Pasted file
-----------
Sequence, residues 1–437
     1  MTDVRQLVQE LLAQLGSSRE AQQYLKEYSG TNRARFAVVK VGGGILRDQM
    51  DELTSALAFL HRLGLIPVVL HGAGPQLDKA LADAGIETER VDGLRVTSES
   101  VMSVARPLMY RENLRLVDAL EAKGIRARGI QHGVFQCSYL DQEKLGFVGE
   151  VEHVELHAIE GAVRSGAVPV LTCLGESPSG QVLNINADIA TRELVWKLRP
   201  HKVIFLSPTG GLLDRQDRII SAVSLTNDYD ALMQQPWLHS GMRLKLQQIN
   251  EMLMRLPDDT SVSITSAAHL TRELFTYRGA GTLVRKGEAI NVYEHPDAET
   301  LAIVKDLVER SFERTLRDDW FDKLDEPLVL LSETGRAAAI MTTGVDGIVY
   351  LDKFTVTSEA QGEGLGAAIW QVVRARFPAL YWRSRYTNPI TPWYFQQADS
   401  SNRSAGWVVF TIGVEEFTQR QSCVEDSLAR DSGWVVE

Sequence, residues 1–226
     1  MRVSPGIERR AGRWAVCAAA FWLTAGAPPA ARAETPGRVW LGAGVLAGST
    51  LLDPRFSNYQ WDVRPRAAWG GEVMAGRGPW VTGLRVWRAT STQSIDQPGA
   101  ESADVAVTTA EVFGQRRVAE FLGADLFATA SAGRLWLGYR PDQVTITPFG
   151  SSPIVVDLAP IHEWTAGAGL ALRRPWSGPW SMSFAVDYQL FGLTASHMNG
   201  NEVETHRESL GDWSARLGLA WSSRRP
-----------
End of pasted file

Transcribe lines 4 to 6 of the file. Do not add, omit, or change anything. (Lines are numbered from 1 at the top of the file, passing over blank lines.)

   101  VMSVARPLMY RENLRLVDAL EAKGIRARGI QHGVFQCSYL DQEKLGFVGE
   151  VEHVELHAIE GAVRSGAVPV LTCLGESPSG QVLNINADIA TRELVWKLRP
   201  HKVIFLSPTG GLLDRQDRII SAVSLTNDYD ALMQQPWLHS GMRLKLQQIN